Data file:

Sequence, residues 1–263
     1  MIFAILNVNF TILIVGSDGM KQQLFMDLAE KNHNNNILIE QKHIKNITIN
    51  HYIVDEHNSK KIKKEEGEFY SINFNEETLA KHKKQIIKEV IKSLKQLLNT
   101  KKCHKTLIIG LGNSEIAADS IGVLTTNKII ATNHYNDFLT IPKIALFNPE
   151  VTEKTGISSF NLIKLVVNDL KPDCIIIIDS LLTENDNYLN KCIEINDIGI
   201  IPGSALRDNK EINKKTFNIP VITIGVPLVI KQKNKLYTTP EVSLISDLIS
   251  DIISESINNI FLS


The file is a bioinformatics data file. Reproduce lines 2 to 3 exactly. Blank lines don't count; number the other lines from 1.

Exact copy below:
     1  MIFAILNVNF TILIVGSDGM KQQLFMDLAE KNHNNNILIE QKHIKNITIN
    51  HYIVDEHNSK KIKKEEGEFY SINFNEETLA KHKKQIIKEV IKSLKQLLNT